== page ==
Wipbox: eBay and Craigslist for dummies

Research and put together auction listings for eBay and Craigslist in one place. It's cheap and easy to use, great for auction newbies.

Wipbox is a relatively new service that helps people sell things on Craigslistand eBay. Wipbox charges a small fee to help you put together a really slick-looking listing and figure out some of the subtle aspects of getting an item to sell quickly based on what category and service it's listed in. If you've ever wanted to sell something on either of the two classifieds services but have been unsure about a good starting price or the best way to convey the product information, Wipbox does the heavy lifting for you.

To get started quickly, you can do a search for your item. It's not free at $0.25 a pop, but it gives you the starting and closing costs for your item in various categories (for eBay) or locales (for Craigslist). For example, if you're here in San Francisco, your item might fetch more money in surrounding neighborhoods. Likewise, on eBay, putting it in a different category can dramatically improve the closing price. You're paying Wipbox to do the legwork.

Search results for a Motorola Razr on eBay came up with pricing results in five different categories. The ones with the highest sell prices (the blue bars) means selling it in that category will net more payback. CNET Networks

In testing, we came across some skewed numbers for certain search items. For eBay, it was likely due to auctioneers incorrectly labeling their items or adding extra words to their titles to boost search engine presence. For Craigslist, we ran into problems with the search grouping together multiple SKUs. For example, a search for an Xbox 360 pulled in results with a difference of about a hundred dollars due to the system having two versions, each at a different price. For popular items such as iPods though, drilling down to the specific model number helped with these issues.

Wipbox bases its statistics on 30 days of eBay listings, and a full week of Craigslist sales, so whatever information you're getting is fairly current for market value. To find general price ranges for online auctions, there's also Mpire, a service that tracks auction prices on eBay to show you whether or not it's in demand--a little bit like Farecast does for airplane tickets.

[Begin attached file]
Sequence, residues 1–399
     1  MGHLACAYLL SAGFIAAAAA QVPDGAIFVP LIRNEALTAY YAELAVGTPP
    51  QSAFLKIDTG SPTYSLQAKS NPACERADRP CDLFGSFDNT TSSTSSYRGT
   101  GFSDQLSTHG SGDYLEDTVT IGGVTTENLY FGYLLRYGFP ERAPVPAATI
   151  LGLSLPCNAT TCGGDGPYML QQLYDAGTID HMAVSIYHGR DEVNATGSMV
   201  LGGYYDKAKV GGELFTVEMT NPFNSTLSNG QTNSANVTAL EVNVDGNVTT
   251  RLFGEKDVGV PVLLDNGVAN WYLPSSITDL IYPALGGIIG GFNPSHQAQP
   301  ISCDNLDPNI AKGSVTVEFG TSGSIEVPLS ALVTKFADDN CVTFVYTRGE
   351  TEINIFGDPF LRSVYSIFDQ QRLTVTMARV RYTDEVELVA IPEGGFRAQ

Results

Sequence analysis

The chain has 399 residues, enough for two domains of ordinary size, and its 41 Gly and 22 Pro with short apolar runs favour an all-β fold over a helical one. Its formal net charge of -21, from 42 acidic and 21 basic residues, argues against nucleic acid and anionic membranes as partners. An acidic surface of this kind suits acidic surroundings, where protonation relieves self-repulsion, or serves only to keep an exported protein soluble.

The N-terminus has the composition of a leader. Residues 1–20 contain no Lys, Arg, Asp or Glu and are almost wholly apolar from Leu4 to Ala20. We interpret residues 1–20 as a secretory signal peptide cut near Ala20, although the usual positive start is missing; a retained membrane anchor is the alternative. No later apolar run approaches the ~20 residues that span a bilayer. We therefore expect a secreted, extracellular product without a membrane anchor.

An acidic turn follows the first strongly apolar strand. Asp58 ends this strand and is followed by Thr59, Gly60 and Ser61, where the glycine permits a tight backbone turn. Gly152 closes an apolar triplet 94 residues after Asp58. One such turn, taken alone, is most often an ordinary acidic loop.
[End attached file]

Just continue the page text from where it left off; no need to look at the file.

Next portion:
The real catch to using Wipbox is its listing creator. Wipbox will pull in a description, user reviews, and specifics from Amazon.com. You can either pay $0.15 to have this information posted straight to your listing, or copy and paste the code field by field into eBay or Craigslist's listing creation box for free.

The one thing I don't like about Wipbox is its handling of fees. There is a large disclosure that clicking the search button or posting to one of the auction services will charge you, but no pop-up warning for verification. Luckily, users can rack up only $10 in charges at a time before the system curtails use of the premium services. I was surprised by how easily I had accrued fees without coming across any warning pop-ups, so be careful if you intend to use the search for fun.

Wipbox is a very easy-to-use system to make and manage multiple listings for both auction services. For advanced sellers and Web researchers, Wipbox probably seems a little silly; but someone like my Mom, who doesn't use eBay very often, would likely be happy to pay less than a dollar to use a service that does nearly everything for her.

See also: vFlyer, a competing auction ad creation tool we took a look at last year. They launched a mobile distribution channel this morning for making and checking listings on cellular phones.

When you're all done, there are three options. You can either pay $0.15 to post to eBay and Craigslist, or cheap out and copy and paste your listing to either service using the provided HTML coding.

Instead of a hand-written description, you can pull a description from Amazon, complete with formatting to match the look and feel of the online listing (for free). CNET Networks

Doing the $0.25 research will show you average prices on eBay, along with recommendations on what to set as your start, reserve, and CNET Networks

Tags:
Software
About the author

Josh Lowensohn joined CNET in 2006 and now covers Apple. Before that, Josh wrote about everything from new Web start-ups, to remote-controlled robots that watch your house. Prior to joining CNET, Josh covered breaking video game news, as well as reviewing game software. His current console favorite is the Xbox 360.

 

Join the discussion

Conversation powered by Livefyre

Don't Miss
Hot Products
Trending on CNET

HOT ON CNET

Mac running slow?

Boost your computer with these five useful tips that will clean up the clutter.